Eagle I: Mechanical

(Competition tasks)The mechanical system on Eagle I consisted of an aluminum 6061 t-slot frame, two waterproof pelikan case enclosures, a pneumatic claw, pneumatic torpedo system, a servo-controlled marker dropping mechanism, and foam for buoyancy control. These systems interact to perform tasks during the competition, such as lifting a lid off of a box or shooting torpedoes through holes. Since this was the team's first year competing, we explored different methods of creating these systems by prototyping everything several times.

Eagle I

The image to the left shows Eagle I's mechanical frame and pelikan case hull, along with 8 thrusters mounted to the frame for movement in the water. The red parts are 3D printed brackets. In addition to the thrusters and foam shown mounted to Eagle I's frame, not shown in the photo are the mechanical claw, torpedo system, and dropper. The claw system consists of a pneumatic piston actuator and a sliding mechanism for opening and closing the claw, all made of stainless steel. 

Claw stress analysisClawClaw slider mechanism​When air enters the actuator, the piston on the inside pushes down onto the aluminum slider mechanism. This slider allows the aluminum claws to open and close whenever necessary. On the right is a screenshot of Solidworks stress analysis run on the claw. We ran a simulated 10lb load on the claw, shown by the purple arrows. The analysis shows that the claws can easily hold 10lbs without signs of stress.

Dropper system

Dropper CAD

The marker dropper system is a payload release mechanism, consisting of a waterproof servo motor pulling a pin to release each object onto the target when actuated. This system completes the objective of hitting a target in the bin. Originally, it was to be integrated with the pneumatic system, but this approach allowed for dropping a payload in a more controlled manner. Machining the pins connected to the servo was more difficult then expected. Since the size of the pins is ¼” diameter 316 stainless steel, these parts are too small to mount on a jig, and too hard to cut by hand. 3D printed pins were substituted in the meantime and were sufficiently functional, so these were used permanently.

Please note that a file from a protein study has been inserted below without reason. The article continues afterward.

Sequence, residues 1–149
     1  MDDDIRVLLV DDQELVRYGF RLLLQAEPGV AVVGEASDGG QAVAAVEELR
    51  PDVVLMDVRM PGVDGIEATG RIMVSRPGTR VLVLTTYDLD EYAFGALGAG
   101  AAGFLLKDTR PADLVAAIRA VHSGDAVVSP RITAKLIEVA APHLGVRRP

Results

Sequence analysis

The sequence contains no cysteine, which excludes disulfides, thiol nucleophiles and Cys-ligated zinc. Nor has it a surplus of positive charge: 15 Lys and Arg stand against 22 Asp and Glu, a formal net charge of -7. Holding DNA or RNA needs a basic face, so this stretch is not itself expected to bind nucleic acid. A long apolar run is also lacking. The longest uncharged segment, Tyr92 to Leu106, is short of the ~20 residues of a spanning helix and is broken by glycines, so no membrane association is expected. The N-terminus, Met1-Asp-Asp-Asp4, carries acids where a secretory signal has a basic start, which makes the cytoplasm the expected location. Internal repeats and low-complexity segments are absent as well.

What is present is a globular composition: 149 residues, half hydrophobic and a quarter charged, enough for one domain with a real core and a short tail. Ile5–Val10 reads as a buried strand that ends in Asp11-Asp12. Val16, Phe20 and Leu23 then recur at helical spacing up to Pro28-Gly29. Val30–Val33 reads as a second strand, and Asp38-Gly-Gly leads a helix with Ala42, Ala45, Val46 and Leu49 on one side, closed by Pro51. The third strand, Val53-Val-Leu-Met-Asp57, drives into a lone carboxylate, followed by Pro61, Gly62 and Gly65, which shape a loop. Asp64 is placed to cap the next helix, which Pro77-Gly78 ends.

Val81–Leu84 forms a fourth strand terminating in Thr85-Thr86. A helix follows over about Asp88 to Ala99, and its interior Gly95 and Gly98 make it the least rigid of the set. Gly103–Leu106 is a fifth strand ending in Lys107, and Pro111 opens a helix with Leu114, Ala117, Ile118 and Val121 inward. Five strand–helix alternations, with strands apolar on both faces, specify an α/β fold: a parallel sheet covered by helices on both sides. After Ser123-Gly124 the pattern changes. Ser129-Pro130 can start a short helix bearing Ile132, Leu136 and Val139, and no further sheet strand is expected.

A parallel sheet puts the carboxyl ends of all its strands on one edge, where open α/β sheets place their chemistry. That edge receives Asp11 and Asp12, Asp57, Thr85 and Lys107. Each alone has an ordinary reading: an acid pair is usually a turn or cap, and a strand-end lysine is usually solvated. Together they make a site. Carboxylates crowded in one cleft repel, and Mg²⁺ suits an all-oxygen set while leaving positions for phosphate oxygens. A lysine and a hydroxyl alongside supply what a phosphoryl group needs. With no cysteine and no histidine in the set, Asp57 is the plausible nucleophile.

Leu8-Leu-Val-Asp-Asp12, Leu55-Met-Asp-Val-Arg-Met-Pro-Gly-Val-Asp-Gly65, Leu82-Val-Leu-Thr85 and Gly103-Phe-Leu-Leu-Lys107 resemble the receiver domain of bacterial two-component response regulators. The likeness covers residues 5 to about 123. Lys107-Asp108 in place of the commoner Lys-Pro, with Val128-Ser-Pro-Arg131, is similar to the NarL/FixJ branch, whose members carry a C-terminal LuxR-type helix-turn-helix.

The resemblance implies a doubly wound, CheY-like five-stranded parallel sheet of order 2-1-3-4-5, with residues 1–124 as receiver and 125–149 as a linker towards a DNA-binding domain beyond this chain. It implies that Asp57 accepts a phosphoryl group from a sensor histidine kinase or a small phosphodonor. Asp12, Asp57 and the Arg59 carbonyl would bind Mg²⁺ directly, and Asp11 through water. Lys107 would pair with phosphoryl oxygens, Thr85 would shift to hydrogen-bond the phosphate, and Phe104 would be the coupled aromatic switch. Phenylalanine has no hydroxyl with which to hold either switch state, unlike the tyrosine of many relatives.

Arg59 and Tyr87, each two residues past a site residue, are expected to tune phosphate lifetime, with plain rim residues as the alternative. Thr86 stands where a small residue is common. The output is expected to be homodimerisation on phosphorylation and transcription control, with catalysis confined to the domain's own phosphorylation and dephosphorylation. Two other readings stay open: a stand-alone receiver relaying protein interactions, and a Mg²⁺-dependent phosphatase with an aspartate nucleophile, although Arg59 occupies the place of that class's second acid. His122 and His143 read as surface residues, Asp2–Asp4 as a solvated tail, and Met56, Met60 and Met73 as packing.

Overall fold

Marker analysisMarker diagram

Markers, when released, should sink in the water to hit the targets, but due to the density of many prototypes, the markers would float instead. With limited manufacturing capabilities, the solution was to implement a cavity inside the marker for a ballast to adjust its buoyancy.

The torpedo system is a pneumatic air system, which consists of check valves and pressurized air ejecting a torpedo. It provides enough initial pressure to fire the torpedos at the required rate. Original design was for the torpedo to be electrically propelled, but the current system is more robust. We struggled to create torpedoes with the proper buoyancy, and we had some difficulty modulating the air pressure to the trajectory would be accurate. The torpedoes flow with little resistance and with minimal straying from the desired trajectory. 

Torpedo flow simulation   Torpedo CAD



Torpedo system